The Books We’ll Never Forget
September 22nd is Elephant Appreciation Day, and since an elephant never forgets, I thought this might be a great opportunity to share those books we’ll never forget.
Everyone has at least one. They aren’t necessarily the best books ever written. They aren’t necessarily the deepest or the most popular. But they’re books that made an indelible mark on us in some way, the ones that we thought about for days after we finished reading them- ones that we’ve read more than once- the ones that we recommend because they are dear to our hearts and we want them to be near and dear to someone else’s heart, too. So here’s my list, and I hope in the comments you’ll add a few of yours.
The Secret Garden by Frances Hodgson Burnett - Kid’s stuff, I hear you say, but the relationships in this book are complex, and it was only after rereading it as a young adult that I truly understood the depth of Mr. Craven’s heartache and the loneliness of his son, Colin. The wisdom of Ben Weatherstaff was lost on me as a kid, as it was often lost on Mary, but as a young adult I saw it in a whole new light. Dickon’s gentleness and love of all creatures is just as enchanting as it ever was. I still have my first copy of this on my book shelf at home- the front cover is torn and the spine is almost illegible due to the creases left from my repeated re-readings. This one’s a classic for a reason!
The Ruby in the Smoke by Phillip Pullman - Sure, it’s common now for books to take place during Victorian times because of the whole Steampunk genre, but back when I was a teen Steampunk wasn’t the thing it is now so a book set in Victorian times was a little… well, to me it was weird. I wasn’t sure that my mom was right that I’d find anything interesting about a book that took place ‘in olden times.’ The saying is true, and mother knew best. To this day I credit Pullman with getting me interested in mysteries through his use of a bygone era and characters I could relate to even though they lived a hundred years before me. I often recommend this one to teens looking for a mystery. Sally Lockhart was exactly the kind of girl I wanted to be- interesting, curious, fearless- a Nancy Drew with a much bigger sense of danger and of awe.
Amy and Roger’s Epic Detour by Morgan Matson, a 2011 Best Fiction for Young Adults Top Ten selection, was so good I started reading it again immediately upon completion. It sucked me in and I read like a fiend to finish it only to want to finish it again. Morgan Matson’s weaving of tragedy and romance and discovery was just done beautifully. I’ve repeatedly recommended it to people, I’ve mentioned it in this blog before, I’ve featured it in book clubs, and I have been known to skip over my “to-read” pile to re-read it again. The fact that they start driving across the country together as almost total strangers and become more than just friends by the end of their journey is so romantic, and the self discovery and growth they experience together is so moving, that this book really needs repeated readings to get everything out of it.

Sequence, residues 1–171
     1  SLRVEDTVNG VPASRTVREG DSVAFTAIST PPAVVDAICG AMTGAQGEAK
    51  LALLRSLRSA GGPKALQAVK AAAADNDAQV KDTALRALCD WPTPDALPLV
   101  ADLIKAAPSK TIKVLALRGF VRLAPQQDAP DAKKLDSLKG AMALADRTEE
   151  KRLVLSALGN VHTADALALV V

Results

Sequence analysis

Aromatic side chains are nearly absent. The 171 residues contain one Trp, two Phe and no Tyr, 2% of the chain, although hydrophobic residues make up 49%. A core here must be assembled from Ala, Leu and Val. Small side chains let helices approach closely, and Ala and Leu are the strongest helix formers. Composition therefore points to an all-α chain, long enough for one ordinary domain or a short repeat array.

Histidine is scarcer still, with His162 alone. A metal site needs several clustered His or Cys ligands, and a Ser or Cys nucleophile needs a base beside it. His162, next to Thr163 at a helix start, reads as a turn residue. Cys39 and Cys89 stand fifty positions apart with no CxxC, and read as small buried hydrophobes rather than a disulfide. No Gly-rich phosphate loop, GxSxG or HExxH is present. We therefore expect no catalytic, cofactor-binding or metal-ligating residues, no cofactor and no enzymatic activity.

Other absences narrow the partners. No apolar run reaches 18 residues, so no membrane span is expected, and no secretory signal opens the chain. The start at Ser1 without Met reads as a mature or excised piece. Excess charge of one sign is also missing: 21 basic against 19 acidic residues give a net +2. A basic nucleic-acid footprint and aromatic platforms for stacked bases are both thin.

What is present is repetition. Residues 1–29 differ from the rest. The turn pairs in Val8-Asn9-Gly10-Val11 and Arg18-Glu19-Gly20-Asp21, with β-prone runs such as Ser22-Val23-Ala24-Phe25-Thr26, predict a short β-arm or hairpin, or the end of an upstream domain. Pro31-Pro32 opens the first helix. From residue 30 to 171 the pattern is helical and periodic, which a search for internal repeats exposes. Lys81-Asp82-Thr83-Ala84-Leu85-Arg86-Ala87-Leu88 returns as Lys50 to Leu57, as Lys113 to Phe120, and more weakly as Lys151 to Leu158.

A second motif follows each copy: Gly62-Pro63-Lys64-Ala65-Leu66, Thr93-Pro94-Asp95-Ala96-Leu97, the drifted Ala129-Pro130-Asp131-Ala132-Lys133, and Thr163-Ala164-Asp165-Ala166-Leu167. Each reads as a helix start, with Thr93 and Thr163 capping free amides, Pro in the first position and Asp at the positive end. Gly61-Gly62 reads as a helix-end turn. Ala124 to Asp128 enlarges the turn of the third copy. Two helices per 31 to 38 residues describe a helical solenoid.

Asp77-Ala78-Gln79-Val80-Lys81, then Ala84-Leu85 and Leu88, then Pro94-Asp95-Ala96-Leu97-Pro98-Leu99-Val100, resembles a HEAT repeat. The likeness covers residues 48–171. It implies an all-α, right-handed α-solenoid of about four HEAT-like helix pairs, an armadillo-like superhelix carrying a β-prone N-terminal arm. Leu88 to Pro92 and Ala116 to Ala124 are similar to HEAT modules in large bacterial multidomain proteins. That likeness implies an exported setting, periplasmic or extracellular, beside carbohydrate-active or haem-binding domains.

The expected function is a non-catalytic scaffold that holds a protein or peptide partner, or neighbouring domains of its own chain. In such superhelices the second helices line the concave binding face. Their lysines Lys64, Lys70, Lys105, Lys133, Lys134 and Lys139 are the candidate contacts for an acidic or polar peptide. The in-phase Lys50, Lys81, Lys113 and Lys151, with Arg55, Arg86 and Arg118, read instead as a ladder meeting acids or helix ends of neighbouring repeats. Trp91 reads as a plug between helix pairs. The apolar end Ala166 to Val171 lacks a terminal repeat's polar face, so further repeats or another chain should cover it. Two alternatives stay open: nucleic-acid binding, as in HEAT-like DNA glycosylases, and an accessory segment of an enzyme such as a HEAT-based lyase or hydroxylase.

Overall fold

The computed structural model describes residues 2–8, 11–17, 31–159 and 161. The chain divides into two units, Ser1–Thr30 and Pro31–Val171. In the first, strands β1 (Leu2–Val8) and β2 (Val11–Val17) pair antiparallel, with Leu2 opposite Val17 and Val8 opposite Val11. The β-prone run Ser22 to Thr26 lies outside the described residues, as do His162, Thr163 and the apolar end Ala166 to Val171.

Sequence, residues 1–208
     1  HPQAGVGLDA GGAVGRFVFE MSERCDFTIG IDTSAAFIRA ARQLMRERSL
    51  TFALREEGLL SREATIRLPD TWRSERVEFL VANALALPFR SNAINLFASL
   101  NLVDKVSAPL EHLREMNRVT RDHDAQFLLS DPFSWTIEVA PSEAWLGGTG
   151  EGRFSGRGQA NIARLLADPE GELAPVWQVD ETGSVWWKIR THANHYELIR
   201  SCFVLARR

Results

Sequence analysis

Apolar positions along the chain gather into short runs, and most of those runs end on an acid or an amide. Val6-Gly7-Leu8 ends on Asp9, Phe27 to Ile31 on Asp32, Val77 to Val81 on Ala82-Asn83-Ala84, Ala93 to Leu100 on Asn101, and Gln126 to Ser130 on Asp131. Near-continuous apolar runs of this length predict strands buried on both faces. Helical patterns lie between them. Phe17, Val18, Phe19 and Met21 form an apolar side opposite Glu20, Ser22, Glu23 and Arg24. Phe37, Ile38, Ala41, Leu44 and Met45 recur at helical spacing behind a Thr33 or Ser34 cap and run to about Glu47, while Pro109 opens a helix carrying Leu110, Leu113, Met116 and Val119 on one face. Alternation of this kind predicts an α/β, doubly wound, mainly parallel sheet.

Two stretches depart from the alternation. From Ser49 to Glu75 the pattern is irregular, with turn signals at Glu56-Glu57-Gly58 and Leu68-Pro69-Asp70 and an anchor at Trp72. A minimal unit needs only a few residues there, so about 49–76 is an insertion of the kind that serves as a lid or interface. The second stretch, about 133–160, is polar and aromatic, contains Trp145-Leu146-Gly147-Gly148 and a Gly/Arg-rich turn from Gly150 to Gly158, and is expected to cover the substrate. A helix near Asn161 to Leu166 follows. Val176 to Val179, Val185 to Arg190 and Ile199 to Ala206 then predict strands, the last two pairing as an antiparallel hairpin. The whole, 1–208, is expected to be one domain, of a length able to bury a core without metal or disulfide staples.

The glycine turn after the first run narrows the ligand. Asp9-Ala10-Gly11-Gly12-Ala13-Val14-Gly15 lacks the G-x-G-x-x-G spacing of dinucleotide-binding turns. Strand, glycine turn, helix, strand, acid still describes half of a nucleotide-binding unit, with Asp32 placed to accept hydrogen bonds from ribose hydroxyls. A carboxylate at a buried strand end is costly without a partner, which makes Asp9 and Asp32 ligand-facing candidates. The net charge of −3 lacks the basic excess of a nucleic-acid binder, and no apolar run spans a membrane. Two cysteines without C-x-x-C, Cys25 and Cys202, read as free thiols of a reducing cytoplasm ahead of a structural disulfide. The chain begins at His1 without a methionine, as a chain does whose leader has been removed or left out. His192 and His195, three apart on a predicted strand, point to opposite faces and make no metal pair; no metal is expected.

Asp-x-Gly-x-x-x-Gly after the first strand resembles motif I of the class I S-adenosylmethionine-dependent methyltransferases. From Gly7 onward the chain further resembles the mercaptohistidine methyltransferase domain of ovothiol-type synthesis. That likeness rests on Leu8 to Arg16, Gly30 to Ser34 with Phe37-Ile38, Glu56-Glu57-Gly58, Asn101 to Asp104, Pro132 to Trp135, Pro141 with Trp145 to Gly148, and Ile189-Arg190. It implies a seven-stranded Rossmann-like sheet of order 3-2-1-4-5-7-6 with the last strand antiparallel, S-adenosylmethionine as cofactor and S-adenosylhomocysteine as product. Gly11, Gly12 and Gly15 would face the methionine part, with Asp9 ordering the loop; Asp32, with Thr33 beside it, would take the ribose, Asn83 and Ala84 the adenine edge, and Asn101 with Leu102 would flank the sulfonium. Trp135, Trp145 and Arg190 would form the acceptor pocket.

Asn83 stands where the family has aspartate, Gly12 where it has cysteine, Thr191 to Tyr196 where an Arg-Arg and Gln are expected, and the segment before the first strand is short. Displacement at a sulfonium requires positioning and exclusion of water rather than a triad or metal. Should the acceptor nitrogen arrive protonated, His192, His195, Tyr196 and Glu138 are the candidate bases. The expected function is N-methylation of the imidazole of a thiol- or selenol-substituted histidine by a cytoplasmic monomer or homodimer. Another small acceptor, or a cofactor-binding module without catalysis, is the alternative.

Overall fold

Forever… by July Blume I didn’t read as a teen. In fact, I didn’t get to it until after I’d gotten my Master’s degree. But I wish I had read it as a teen! I can remember what it was like to have no ideas about sex and relationships, and no idea what to even ask about even if I’d had the nerve to ask. Forever, which frequently appears on lists of challenged and banned books, was straightforward and unashamed, something that I could have used as a teen. Every generation it’s updated with a new cover and forward and then re-released, and with good reason. I remember sitting at my desk and reading it and thinking, “I wish I’d read this in high school!” and I’m glad that it’s one of those books that keeps going strong year after year.
Here’s where I date myself a little… because there’s a whole series of books that I could never forget, and even though they weren’t well written and aren’t even available outside of eBay these days, I still love them. New Kids on the Block novels were pure pleasure reading when I was twelve, and I still have a few because I can’t bear to part with them even when I don’t really have room for them. I just loved how easy and fun they were to read, and they stick out in my head more than most of the books I read as a teen. At a time when I was reading George Orwell and Jules Verne for school, I couldn’t wait to get home and get back to reading for fun. The enjoyment I had while reading these is memorable on its own, even if now I cringe when I see all the grammatical errors and laugh at the plot holes!
Now it’s your turn! What books made their mark on you? What title still makes you laugh or cry?
-Carla Land, currently reading The Stone Rose by Jacqueline Rayner